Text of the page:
Peninei Halakha

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03 – Barchu

After the Kaddish, the chazan says, “Barchu et Hashem hamevorach” (“Bless Hashem Who is blessed”). The congregation responds, “Baruch Hashem hamevorach l’olam va’ed” (“Blessed is Hashem, Who is blessed for all eternity”), and the chazan repeats the congregation’s line, saying, “Baruch Hashem hamevorach l’olam va’ed” (Shulchan Aruch 57:1).

The primary purpose of Barchu is to introduce Birkot Keriat Shema, for by declaring “Barchu,” the chazan invites the congregation to recite Birkot Keriat Shema. Even though it can also be recited as praise in itself, like when Barchu is recited at the conclusion of the prayer service, nevertheless, the essence of its establishment was to introduce Birkot Keriat Shema. Therefore, every person must finish saying Pesukei d’Zimrah and Yishtabach before Barchu so that immediately after Barchu he can begin Birkot Keriat Shema. It is best to even skip Az Yashir in order to start Birkot Keriat Shema with the congregation. Still, whoever did not yet succeed in saying the berachah of Yishtabach, even if he already responded to Barchu, must conclude Yishtabach and only afterwards continue with Birkot Keriat Shema.[2]

There are varying customs with regard to standing when responding to Kaddish and Barchu. According to the minhag of most Sephardim, there is no need to stand up while answering matters of sanctity, but one who is already standing must remain that way for Kaddish and Barchu (Maharil, Kaf HaChaim 56:20; 146:20-21; Yechaveh Da’at 3:4). Most Ashkenazim are accustomed to standing while responding to Kaddish and Barchu which are matters of sanctity (Mishnah Berurah 54:7-8; 146:18). However, concerning Barchu which requires a short answer, many Ashkenazim have the custom that if they are already sitting, such as for Torah reading, or before Ma’ariv, they do not completely stand up, rather they only rise slightly from their chairs when responding. This is similar to the custom many people have when answering a zimun with ten men.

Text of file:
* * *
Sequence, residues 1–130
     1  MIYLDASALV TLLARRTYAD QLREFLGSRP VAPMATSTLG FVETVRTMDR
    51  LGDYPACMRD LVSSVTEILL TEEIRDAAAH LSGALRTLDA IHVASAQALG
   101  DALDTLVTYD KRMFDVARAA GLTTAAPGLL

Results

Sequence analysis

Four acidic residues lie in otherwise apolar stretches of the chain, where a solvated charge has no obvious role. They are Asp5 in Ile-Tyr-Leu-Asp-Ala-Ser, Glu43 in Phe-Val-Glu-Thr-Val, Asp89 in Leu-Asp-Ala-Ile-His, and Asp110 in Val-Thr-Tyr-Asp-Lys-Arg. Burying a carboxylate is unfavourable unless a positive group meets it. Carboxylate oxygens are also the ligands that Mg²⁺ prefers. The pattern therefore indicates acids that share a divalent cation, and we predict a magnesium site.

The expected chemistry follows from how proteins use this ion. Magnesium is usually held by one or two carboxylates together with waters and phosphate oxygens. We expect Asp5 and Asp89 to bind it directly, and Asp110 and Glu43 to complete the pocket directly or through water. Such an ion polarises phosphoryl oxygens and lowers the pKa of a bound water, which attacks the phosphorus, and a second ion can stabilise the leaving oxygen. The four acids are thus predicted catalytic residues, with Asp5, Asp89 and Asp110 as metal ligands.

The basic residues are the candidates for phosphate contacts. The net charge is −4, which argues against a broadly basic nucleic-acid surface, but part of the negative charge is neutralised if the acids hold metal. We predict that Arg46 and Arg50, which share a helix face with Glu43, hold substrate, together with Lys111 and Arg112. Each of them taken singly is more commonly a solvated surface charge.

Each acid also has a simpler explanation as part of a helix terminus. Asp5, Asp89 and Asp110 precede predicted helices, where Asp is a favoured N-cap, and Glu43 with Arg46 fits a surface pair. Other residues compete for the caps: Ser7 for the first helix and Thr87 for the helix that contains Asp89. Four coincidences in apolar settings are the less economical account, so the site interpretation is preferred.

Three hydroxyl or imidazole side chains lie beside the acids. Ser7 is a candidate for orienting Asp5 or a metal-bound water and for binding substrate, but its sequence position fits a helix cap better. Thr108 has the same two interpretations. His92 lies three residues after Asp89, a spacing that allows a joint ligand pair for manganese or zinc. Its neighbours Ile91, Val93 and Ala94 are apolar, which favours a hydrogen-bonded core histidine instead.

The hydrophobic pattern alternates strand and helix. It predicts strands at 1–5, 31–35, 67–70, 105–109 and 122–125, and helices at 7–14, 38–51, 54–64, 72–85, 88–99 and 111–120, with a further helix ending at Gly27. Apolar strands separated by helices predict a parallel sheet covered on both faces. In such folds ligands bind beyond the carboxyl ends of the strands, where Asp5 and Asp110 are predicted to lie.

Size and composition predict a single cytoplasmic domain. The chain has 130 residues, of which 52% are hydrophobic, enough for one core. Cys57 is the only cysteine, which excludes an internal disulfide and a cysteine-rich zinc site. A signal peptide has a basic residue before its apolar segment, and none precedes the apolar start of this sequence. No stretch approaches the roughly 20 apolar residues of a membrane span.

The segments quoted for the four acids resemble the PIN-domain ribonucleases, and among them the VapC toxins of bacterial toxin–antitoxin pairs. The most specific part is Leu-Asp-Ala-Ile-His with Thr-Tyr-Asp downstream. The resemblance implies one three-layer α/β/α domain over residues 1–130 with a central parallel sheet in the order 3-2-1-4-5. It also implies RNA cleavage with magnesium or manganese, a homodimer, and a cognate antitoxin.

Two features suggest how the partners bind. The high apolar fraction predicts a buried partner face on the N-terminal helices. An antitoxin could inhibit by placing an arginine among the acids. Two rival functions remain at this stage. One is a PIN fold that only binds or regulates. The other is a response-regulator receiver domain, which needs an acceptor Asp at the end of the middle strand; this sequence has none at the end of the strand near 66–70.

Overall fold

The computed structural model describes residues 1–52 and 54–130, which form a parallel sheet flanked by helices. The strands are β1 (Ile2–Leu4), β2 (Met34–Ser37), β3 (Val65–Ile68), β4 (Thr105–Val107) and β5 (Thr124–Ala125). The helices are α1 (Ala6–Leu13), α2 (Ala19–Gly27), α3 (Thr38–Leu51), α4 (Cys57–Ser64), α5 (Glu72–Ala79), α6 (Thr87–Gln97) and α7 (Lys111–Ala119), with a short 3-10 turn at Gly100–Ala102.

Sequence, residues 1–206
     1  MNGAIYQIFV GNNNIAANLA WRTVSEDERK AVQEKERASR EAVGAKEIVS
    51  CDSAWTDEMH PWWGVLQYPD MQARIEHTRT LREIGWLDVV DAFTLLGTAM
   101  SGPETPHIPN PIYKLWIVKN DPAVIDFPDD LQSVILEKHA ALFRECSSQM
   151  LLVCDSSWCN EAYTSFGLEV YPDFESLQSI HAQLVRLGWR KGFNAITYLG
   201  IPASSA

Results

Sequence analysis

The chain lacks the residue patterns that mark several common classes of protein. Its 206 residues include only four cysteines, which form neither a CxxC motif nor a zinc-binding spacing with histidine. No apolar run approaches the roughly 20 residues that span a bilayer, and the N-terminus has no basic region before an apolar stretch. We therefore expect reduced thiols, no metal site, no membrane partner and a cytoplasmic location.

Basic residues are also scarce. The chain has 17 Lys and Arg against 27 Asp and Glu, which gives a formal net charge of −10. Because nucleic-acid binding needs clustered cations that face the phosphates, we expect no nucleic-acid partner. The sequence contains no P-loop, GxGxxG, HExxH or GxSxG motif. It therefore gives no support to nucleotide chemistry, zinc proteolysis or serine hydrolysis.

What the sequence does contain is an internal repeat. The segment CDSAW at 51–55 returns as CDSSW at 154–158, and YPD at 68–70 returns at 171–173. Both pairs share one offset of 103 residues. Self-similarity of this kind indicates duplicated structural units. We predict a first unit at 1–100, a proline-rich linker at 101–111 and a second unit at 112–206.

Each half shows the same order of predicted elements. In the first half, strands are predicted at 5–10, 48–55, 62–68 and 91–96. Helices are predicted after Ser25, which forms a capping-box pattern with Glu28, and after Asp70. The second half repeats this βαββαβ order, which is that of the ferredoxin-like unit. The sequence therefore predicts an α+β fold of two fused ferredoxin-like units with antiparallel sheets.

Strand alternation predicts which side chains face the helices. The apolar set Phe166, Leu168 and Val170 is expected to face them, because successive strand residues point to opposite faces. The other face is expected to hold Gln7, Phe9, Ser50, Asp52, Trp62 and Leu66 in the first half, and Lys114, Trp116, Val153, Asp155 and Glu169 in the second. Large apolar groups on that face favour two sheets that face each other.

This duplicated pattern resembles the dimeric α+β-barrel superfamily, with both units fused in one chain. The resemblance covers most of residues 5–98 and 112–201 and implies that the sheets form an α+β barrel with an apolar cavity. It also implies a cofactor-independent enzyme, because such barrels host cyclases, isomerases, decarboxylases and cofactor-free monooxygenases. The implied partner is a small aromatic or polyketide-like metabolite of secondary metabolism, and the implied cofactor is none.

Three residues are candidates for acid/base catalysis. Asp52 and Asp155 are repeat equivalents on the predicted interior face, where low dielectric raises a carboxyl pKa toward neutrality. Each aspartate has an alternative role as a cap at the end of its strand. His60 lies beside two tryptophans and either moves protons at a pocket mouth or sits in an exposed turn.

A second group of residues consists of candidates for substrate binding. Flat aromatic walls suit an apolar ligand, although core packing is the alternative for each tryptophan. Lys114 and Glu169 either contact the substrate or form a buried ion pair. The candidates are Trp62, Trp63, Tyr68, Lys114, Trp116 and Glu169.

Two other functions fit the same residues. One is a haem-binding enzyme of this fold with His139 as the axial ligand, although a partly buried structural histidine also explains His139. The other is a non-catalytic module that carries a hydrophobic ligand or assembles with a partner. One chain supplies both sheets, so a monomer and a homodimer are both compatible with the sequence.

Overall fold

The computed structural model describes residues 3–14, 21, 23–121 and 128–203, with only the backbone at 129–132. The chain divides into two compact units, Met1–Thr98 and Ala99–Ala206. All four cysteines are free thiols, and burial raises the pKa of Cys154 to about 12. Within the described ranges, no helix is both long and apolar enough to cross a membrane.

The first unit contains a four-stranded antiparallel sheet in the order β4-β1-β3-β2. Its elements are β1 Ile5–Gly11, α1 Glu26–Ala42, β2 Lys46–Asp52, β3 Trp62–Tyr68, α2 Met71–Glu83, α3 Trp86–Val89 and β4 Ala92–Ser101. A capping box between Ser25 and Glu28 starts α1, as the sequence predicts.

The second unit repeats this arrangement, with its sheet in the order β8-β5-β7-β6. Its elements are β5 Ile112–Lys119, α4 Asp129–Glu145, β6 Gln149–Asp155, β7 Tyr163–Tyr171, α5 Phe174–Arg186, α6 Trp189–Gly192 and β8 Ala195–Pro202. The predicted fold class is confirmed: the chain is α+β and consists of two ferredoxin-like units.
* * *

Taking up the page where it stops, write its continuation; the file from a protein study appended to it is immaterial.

When the chazan says the word “Barchu” he bows a bit, and when saying “Hashem” he straightens himself. Regarding the congregation, there are different customs. There are those accustomed to bowing down completely, those who bow slightly, and those who don’t bow at all. Every person should follow his family’s minhag. When people with different minhagim pray together, it is proper that everyone bows slightly (see further in this book chapter 17, note 3).

[2]. Mishnah Berurah 54:14. He adds that a person who is after Barchu is considered like one who is in the middle of a passage. If tallit and tefillin are brought to him, he must postpone putting them on until the end of the berachah, as clarified in note 4 of this chapter.
See Beit Yosef 69 who writes that some say that concerning Perisat Shema the chazan must recite Birkat Yotzer Or in addition to Barchu, even if he already said it, because one may not recite Barchu without saying at least one berachah after it. So writes the Mahari Abuhav, whose words are clarified in the Mishnah Berurah 69:3. However, Darkei Moshe writes that one may say Barchu without reciting a subsequent berachah. That is the customary practice at the end of the prayer service; Barchu is recited without a berachah. Nevertheless, as we learned, the essence of Barchu is to introduce Birkot Keriat Shema.

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The Laws of Shabbat (1+2) - Yocheved Cohen
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The Laws of Women’s Prayer - Atira Ote
The Laws of Pesach - Joshua Wertheimer
The Laws of Zemanim - Moshe Lichtman

Editor: Nechama Unterman